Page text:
Simulation games first appeared in the 1960s, and the earliest ones were designed for classroom use. Many of them were concerned with history (causes of wars, feelings and reasoning of people on both sides of an actual historical event) and the social sciences (feelings and reactions of people in a given or imaginary society). This exploration of two levels of learning (feelings as well as actions) made games a very personalised form of learning. Children and young people learned not only what people '.did or might do, but also why they did it. The learnings intended to be more effective on the factual level (what happened?) and on the conceptual level (why did it pen? what else might have happened?) The personal involvement led to clearer and longer-lasting understandings. And because the games were games, and therefore usually fun, teachers and students alike enjoyed using them. The use of games quickly spread to other subject areas, with different purposes depending on the curriculum area.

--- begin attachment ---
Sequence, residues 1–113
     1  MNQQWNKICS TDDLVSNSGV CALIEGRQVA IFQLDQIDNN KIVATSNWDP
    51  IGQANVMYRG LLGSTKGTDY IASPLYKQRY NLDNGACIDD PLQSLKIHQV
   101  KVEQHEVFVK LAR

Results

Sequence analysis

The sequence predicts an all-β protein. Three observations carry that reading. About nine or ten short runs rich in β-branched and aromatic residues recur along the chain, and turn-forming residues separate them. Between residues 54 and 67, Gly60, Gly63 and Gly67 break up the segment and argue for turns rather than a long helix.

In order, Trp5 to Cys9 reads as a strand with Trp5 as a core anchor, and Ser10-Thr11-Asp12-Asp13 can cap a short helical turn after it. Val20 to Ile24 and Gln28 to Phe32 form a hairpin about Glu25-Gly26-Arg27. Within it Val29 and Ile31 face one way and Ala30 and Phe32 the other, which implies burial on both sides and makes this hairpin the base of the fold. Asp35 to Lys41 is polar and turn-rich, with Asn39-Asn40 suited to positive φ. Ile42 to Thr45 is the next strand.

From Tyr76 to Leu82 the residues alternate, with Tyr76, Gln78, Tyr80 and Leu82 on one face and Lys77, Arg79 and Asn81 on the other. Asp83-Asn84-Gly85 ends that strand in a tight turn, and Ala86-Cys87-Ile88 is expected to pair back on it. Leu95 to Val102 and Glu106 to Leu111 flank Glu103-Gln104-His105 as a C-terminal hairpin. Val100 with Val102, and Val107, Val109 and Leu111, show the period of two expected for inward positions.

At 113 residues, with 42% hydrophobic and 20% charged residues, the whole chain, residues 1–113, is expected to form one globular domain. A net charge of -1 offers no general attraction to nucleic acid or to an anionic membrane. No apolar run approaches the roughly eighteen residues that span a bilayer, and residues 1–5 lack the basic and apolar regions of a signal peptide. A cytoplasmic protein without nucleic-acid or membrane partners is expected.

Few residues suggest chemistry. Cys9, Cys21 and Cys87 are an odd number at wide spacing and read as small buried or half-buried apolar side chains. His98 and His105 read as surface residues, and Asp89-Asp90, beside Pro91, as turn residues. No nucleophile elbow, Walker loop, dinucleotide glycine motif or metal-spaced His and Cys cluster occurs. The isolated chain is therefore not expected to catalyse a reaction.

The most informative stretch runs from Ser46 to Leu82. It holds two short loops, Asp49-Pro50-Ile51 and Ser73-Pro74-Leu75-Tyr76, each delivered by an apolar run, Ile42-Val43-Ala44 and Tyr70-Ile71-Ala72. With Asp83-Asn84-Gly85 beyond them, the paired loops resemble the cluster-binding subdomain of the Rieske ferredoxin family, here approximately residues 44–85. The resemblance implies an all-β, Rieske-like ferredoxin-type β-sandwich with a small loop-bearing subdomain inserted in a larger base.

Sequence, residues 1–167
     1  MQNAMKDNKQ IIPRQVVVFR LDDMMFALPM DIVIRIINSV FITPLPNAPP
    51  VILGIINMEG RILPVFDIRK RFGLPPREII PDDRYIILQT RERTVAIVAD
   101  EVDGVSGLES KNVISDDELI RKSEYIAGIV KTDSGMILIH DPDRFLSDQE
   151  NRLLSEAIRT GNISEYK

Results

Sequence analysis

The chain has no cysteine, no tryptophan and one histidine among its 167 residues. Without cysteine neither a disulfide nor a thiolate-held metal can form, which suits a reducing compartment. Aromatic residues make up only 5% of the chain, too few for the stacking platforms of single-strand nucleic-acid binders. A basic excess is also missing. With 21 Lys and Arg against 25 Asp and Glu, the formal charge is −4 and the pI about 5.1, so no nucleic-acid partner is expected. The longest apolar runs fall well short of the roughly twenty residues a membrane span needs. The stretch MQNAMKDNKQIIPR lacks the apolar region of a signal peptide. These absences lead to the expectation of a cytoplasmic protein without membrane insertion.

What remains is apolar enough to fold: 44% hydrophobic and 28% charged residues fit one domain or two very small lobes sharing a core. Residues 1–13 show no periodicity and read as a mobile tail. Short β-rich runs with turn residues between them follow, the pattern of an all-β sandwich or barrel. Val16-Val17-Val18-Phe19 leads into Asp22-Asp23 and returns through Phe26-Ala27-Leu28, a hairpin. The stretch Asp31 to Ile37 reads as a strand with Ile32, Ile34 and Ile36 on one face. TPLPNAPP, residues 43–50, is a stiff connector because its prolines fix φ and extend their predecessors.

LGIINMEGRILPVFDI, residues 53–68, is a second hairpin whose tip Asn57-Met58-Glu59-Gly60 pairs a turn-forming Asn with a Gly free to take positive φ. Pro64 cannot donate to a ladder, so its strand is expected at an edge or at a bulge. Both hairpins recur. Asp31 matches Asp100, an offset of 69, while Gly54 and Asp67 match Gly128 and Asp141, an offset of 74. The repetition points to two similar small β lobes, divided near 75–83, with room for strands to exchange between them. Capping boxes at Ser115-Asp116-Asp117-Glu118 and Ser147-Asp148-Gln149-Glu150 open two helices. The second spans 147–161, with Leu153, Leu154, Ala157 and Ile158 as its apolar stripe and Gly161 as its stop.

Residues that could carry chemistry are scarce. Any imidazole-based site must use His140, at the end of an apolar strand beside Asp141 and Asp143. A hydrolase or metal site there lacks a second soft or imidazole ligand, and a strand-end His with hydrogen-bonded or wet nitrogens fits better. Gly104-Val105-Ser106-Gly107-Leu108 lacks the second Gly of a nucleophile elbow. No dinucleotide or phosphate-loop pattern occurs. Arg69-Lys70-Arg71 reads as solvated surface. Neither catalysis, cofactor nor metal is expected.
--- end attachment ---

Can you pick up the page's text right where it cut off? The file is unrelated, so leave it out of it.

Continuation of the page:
A simulation is an imitation or representation of something else, reality reduced to manageable proportions. It is based on a theoretical understanding of a particular social process. Life experiences which are extremely complex are simplified; those which cover a number of years and multiple relationships are condensed. (A good example of simulation is that common scene from war films, where naval officers stand around a table and move models of ships from place to place, simulating battles and estimating results.) Patterns can be readily observed, and the results of choices are obvious fairly quickly. In simulation games, reality is most often simulated in one of two ways when: